Gastrointestinal side effects primarily including nausea and vomiting (31% to 43%) have been reported. Abdominal pain (up to 2%), anorexia (10% to 13%), diarrhea (1% to 13%), stomatitis (1% to 6%) and dysphagia have also been reported. Constipation has been reported infrequently. Gastrointestinal toxicities are slightly more frequent after oral administration than after intravenous infusion.
The severity of nausea and vomiting is generally mild to moderate. This effect can be prevented by the use of oral phenothiazines in most cases, if necessary. Treatment discontinuation is required in approximately 1% of patients.
Elderly patients may be more sensitive to gastrointestinal effects.
Cardiovascular side effects including transient hypotension following rapid intravenous administration (1% to 2%) has been reported. Transient hypertension, congestive heart failure, and arrhythmias have been reported rarely.
In one study of 5 day continuous infusion in 17 patients, 2 patients suffered myocardial infarction and one patient suffered congestive failure during treatment.
Hypersensitivity side effects including anaphylactic-like reactions characterized by chills, fever, tachycardia, bronchospasm, dyspnea and/or hypotension (0.7% to 2%) have been reported. Hypertension and/or flushing have also been reported. Facial/tongue swelling, coughing, diaphoresis, cyanosis, tightness in throat, laryngospasm, back pain and/or loss of consciousness have sometimes occurred in association with the above reactions. An apparent hypersensitivity-associated apnea has been reported rarely. At least one hypersensitivity-associated death has been reported. Rash, urticaria, and/or pruritus have infrequently been reported.
At investigational dosages, a generalized pruritic erythematous macropapular rash, consistent with perivasculitis, has been reported.
Dermatologic side effects including reversible alopecia (8% to 66%), sometimes progressing to total baldness, have been reported. Pruritus, phlebitis, hyperpigmentation and radiation recall dermatitis have been reported rarely.
In one study of 21 consecutive days of etoposide therapy, alopecia occurred in 11 of the 12 patients at risk for this toxicity (four had pre-existing alopecia, and two were inevaluable due to early death).
Elderly patients may be more sensitive to alopecia.
Hepatic toxicity (up to 3%) has generally been reported in patients receiving higher than recommended dosages. One report notes three cases of severe hepatocellular injury induced by standard dosages.
Other side effects including aftertaste, fever, dysphagia, transient cortical blindness, and optic neuritis have been reported infrequently. Although the drug is not considered to be vesicant, chemical phlebitis has been reported in association with etoposide (the active ingredient contained in Etopophos) infusion.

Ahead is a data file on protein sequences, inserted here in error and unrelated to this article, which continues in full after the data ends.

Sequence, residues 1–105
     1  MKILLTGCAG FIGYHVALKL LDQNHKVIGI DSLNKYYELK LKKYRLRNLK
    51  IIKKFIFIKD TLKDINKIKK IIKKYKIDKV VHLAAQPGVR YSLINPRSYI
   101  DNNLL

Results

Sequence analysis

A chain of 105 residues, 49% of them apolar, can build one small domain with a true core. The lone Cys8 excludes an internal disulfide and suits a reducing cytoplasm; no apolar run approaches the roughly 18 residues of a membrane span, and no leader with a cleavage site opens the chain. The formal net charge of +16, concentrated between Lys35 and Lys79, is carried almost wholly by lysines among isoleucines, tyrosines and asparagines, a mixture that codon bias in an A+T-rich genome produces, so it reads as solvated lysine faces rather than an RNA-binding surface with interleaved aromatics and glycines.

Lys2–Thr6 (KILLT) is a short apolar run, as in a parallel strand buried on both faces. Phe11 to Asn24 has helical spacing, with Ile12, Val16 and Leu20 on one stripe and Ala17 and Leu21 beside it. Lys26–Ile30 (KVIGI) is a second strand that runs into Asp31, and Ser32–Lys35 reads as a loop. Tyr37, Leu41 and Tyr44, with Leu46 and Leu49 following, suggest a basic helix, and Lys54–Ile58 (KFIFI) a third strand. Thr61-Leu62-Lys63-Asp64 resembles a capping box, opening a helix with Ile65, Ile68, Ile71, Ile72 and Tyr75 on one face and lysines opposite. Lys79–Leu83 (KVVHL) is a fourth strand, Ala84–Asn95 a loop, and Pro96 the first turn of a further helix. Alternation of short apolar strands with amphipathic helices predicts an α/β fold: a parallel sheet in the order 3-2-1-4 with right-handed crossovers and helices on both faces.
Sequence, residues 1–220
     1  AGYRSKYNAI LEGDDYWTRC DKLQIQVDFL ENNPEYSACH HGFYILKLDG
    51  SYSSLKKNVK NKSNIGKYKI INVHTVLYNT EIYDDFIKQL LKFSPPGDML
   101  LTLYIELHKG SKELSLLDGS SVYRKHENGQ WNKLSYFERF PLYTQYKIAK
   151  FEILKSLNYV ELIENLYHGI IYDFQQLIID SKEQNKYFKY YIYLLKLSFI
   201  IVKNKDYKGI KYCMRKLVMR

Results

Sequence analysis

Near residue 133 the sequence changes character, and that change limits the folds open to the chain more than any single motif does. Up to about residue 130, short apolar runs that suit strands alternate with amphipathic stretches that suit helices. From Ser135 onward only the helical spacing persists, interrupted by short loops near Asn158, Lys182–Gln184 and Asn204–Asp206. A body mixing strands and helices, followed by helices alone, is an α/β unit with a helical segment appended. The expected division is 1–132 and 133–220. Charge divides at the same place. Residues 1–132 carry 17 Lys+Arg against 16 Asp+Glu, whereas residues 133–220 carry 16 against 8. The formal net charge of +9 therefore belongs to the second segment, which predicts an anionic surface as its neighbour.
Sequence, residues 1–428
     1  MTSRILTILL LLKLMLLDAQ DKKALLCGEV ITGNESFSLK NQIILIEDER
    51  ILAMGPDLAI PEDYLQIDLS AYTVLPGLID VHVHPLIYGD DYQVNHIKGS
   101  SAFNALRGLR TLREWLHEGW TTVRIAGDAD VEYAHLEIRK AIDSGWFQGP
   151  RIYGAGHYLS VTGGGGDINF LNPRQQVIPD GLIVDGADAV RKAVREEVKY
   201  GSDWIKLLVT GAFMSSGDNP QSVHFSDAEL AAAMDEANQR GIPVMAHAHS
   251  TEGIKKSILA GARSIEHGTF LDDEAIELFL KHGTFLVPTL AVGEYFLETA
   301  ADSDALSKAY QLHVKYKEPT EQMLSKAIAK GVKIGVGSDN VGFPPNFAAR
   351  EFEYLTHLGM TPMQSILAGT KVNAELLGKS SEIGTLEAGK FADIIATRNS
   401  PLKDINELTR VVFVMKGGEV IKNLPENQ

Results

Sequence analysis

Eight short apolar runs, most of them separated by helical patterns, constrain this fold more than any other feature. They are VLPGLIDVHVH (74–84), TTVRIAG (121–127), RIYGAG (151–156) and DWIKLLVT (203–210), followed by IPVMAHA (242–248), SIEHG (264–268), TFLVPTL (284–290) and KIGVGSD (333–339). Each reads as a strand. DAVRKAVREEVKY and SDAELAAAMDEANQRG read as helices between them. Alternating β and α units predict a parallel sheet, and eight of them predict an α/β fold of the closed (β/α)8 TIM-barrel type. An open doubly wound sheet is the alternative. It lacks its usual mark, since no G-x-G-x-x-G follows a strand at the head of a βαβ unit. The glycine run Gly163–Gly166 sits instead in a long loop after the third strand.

Metabolic acidosis has been reported in patients receiving higher than recommended dosages.
Respiratory side effects including a case report of fatal (biopsy-proven) pulmonary toxicity associated with the use of etoposide (the active ingredient contained in Etopophos) in a SCLC patient have been reported.
General side effects including asthenia have been reported.
In five single-agent studies of etoposide phosphate used in the treatment of a variety of tumor types, asthenia was reported more frequently among elderly patients.
Immunologic side effects including infectious complications have been reported.
Elderly patients may be more sensitive to infectious complications.
More about Etopophos (etoposide)
Compare with other treatments for:
Disclaimer: Every effort has been made to ensure that the information provided is accurate, up-to-date and complete, but no guarantee is made to that effect. In addition, the drug information contained herein may be time sensitive and should not be utilized as a reference resource beyond the date hereof. This material does not endorse drugs, diagnose patients, or recommend therapy. This information is a reference resource designed as supplement to, and not a substitute for, the expertise, skill , knowledge, and judgement of healthcare practitioners in patient care. The absence of a warning for a given drug or combination thereof in no way should be construed to indicate safety, effectiveness, or appropriateness for any given patient. Drugs.com does not assume any responsibility for any aspect of healthcare administered with the aid of materials provided. The information contained herein is not intended to cover all possible uses, directions, precautions, warnings, drug interactions, allergic reactions, or adverse effects. If you have questions about the substances you are taking, check with your doctor, nurse, or pharmacist.